Although all women who go through childbirth are at risk from postnatal depression, studies show that women who have an emergency caesarean are up to six times more likely to suffer from the condition. The longer recovery period and feelings of guilt, failure and lack of control over their own body are all thought to contribute to this, alongside the hormonal changes that all new mums face. It’ is important to speak to a health visitor or GP if you think you could be suffering from postnatal depression. Self help advice, medication and therapy can all help to alleviate the symptoms.

Trouble bonding

Some women report that they have struggled to bond with their babies following a caesarean section. There are several theories for this. Biologically, research indicates that they miss out on the release of the hormone oxytocin (otherwise known as the love hormone). Immediately after natural childbirth the release of this hormone is higher than ever and missing out it can impair the initial bonding process. In addition to this, skin to skin contact (vital for developing early closeness and bonding) is rarely possible straight after a c-section and in many cases the baby is taken away and checked over while the mother recovers. On a more practical level, the long recovery process can sometimes render a new mum unable to carry out day to day care of the child which can make her feel disengaged from her new baby.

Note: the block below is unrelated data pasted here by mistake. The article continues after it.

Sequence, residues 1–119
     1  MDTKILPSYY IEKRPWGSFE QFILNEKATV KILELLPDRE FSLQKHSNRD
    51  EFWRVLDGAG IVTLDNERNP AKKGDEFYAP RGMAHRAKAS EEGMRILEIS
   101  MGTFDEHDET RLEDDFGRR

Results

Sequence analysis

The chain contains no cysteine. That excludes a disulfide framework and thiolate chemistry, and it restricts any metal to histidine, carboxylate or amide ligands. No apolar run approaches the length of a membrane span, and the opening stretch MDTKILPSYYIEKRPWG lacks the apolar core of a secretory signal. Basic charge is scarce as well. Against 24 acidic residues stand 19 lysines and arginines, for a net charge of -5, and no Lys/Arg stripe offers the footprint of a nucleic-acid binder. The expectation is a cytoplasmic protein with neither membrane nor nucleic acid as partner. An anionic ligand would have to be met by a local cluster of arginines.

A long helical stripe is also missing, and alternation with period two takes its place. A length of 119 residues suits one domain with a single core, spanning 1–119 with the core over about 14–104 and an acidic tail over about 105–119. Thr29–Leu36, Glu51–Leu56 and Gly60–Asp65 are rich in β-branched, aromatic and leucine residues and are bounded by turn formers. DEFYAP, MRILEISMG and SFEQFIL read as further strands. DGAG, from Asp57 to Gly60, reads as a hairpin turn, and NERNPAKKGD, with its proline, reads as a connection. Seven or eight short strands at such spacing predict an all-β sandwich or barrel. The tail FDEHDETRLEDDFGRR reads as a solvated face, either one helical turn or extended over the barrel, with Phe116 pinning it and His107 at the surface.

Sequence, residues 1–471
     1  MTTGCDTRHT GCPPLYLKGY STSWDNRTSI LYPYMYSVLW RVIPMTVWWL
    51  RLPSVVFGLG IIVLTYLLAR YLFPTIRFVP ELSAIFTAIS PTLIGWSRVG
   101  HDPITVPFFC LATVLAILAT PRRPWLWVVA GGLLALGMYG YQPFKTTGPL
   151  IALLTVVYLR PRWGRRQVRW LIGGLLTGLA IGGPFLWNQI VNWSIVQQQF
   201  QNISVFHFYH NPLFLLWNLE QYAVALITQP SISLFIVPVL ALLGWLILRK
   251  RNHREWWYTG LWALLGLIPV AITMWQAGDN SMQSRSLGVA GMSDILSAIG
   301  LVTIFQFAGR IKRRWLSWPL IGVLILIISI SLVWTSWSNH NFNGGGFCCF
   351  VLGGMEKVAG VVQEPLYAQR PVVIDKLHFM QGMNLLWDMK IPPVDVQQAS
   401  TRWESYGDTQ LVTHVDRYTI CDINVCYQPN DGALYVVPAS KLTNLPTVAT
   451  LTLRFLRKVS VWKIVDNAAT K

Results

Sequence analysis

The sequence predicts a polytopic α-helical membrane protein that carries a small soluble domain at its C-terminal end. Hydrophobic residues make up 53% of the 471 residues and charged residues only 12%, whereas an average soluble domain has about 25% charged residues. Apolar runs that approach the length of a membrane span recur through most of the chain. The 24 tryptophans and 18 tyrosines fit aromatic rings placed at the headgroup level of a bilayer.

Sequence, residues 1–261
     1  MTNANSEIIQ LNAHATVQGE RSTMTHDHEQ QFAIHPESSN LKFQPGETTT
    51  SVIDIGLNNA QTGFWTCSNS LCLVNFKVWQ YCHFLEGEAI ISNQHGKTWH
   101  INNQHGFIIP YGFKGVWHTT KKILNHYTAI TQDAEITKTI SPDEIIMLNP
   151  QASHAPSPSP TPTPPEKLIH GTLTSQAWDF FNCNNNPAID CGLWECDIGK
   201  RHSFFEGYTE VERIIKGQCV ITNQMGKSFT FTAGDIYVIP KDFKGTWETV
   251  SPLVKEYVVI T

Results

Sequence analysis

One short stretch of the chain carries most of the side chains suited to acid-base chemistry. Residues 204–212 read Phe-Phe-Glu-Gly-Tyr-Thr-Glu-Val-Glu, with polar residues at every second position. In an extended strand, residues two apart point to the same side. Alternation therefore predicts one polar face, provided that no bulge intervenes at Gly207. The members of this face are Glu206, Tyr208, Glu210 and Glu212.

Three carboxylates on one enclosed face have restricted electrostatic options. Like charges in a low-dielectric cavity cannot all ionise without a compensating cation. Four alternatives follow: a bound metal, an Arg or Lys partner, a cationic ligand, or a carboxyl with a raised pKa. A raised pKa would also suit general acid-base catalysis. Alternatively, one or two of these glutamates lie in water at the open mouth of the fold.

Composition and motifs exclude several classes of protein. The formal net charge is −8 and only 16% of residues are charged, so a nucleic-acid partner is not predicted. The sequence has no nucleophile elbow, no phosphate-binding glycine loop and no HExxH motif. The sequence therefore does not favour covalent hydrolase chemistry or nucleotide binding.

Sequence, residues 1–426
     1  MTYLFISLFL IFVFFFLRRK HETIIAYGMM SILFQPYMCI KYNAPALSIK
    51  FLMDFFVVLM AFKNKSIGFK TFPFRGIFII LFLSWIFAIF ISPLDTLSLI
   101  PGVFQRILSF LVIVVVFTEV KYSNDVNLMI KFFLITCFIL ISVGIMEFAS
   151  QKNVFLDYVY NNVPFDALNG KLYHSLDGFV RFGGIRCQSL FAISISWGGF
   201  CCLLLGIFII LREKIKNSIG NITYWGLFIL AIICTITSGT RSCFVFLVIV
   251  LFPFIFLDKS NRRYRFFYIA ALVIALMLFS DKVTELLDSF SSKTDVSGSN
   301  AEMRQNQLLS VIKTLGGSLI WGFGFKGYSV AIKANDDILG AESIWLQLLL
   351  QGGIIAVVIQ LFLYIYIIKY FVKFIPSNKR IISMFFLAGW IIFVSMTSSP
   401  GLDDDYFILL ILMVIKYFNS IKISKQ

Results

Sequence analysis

Fear of future pregnancy

Sometimes all of these factors combined, along with the physical pain of a c-section, can make women so fearful of a repeat performance that they choose not to become pregnant again. Of course this can be a devastating choice for a woman who really wants another baby. After a c-section, the probability of a natural birth next time is good – research indicates 60-80% of women can potentially go on to have a vaginal birth after a ceasarean (VBAC). But there are risks and these, alongside the fear of another c-section, can be enough to put some women off for life. If you feel like this but still long to expand your family it is important to talk to your GP or debriefing service to familiarise yourself with all of the facts so that you can make an informed choice.

Citation Section

NHS Choices, Ceasarean section, accessed 25.02.16

Metro, Thousands of women with postnatal depression suffering in silence, accessed 25.02.16